7. How many people take a siesta in the rest of Spain?
  8. How many people like bullfighting in Catalonia?
  9. How many people like bullfighting in the rest of Spain?
  10. Did your parents let you play in the street when you were little?
  11. Did your parents let you smoke when you were at school?
  12. Where did your parents grow up?
  13. Where did your siblings go to school?
  14. How many people support Barça in Barcelona?
  15. How many people support Espanyol?
Posted in Conversation Classes, Grammar Classes

3rd Conditional: Balloon Debate

Photo credit:en.wikipedia.org

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Before you use these materials, why not check out our new podcast for learners and teachers alike? It’s called 2Ts in a Pod, have a listen here:

 

This is a conversation lesson plan to practise past (3rd) conditional structures whilst debating the value of specific professions to society. Credit to the university of Kent for the inspiration for the activity. I have changed the wording of the task slightly so that students must imagine a world without the achievements and inventions of some famous names from history.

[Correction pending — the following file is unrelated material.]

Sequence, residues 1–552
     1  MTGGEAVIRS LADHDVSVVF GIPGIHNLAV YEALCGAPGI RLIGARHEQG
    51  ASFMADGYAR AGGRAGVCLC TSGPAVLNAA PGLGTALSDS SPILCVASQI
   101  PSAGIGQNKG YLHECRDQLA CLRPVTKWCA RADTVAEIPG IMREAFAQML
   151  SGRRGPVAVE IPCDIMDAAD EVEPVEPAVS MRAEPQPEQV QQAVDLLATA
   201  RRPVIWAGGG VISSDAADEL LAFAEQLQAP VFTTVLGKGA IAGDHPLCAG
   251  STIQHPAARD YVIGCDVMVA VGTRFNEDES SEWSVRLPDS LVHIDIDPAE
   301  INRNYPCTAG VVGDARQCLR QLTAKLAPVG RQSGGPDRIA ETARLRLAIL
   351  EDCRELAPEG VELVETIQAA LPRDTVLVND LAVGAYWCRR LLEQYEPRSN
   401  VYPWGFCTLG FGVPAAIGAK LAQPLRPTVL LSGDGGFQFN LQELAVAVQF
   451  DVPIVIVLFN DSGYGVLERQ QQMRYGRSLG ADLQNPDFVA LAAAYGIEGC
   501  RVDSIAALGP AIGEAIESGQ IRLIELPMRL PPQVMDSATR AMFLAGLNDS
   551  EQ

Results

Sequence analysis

You will need the handout, I have made 4 versions:

Intermediate teens:

Balloon Debate intermediate teenagers

Intermediate adults:

Balloon Debate Intermediate adults

Advanced teens:

Balloon Debate Adv teenagers

Advanced adults:

Balloon Debate Adv adults

I planned this as an activity to practise uses of advanced 3rd conditional structures such as:

But for + noun phrase, would/could/might have….

But for Thomas Edison, the lightbulb would have been invented much later.

Or inverted past conditionals:

Had it not been for Shakespeare, we wouldn’t have such a rich vocabulary.

You may want to preteach these structures using my other materials which you can find here and here.